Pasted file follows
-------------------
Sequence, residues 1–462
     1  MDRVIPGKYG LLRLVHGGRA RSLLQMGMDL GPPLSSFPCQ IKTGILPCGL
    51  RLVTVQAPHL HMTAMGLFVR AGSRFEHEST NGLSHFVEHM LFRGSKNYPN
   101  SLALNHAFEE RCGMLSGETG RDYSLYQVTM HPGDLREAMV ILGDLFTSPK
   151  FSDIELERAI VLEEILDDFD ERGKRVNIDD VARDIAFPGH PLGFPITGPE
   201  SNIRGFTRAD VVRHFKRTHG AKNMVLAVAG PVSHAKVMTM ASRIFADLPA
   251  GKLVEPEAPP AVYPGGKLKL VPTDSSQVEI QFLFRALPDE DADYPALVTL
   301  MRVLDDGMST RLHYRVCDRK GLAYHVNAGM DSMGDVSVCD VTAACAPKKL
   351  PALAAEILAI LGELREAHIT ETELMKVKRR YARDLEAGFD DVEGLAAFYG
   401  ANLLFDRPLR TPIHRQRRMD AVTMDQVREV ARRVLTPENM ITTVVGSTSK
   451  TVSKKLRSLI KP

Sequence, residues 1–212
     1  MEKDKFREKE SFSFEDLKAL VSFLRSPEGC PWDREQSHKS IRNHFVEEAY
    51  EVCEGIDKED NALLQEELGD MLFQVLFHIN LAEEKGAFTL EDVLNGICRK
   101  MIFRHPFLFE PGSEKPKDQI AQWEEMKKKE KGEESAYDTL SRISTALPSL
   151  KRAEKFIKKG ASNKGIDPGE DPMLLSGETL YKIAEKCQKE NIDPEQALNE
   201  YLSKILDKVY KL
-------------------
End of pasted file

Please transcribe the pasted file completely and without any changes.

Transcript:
Sequence, residues 1–462
     1  MDRVIPGKYG LLRLVHGGRA RSLLQMGMDL GPPLSSFPCQ IKTGILPCGL
    51  RLVTVQAPHL HMTAMGLFVR AGSRFEHEST NGLSHFVEHM LFRGSKNYPN
   101  SLALNHAFEE RCGMLSGETG RDYSLYQVTM HPGDLREAMV ILGDLFTSPK
   151  FSDIELERAI VLEEILDDFD ERGKRVNIDD VARDIAFPGH PLGFPITGPE
   201  SNIRGFTRAD VVRHFKRTHG AKNMVLAVAG PVSHAKVMTM ASRIFADLPA
   251  GKLVEPEAPP AVYPGGKLKL VPTDSSQVEI QFLFRALPDE DADYPALVTL
   301  MRVLDDGMST RLHYRVCDRK GLAYHVNAGM DSMGDVSVCD VTAACAPKKL
   351  PALAAEILAI LGELREAHIT ETELMKVKRR YARDLEAGFD DVEGLAAFYG
   401  ANLLFDRPLR TPIHRQRRMD AVTMDQVREV ARRVLTPENM ITTVVGSTSK
   451  TVSKKLRSLI KP

Sequence, residues 1–212
     1  MEKDKFREKE SFSFEDLKAL VSFLRSPEGC PWDREQSHKS IRNHFVEEAY
    51  EVCEGIDKED NALLQEELGD MLFQVLFHIN LAEEKGAFTL EDVLNGICRK
   101  MIFRHPFLFE PGSEKPKDQI AQWEEMKKKE KGEESAYDTL SRISTALPSL
   151  KRAEKFIKKG ASNKGIDPGE DPMLLSGETL YKIAEKCQKE NIDPEQALNE
   201  YLSKILDKVY KL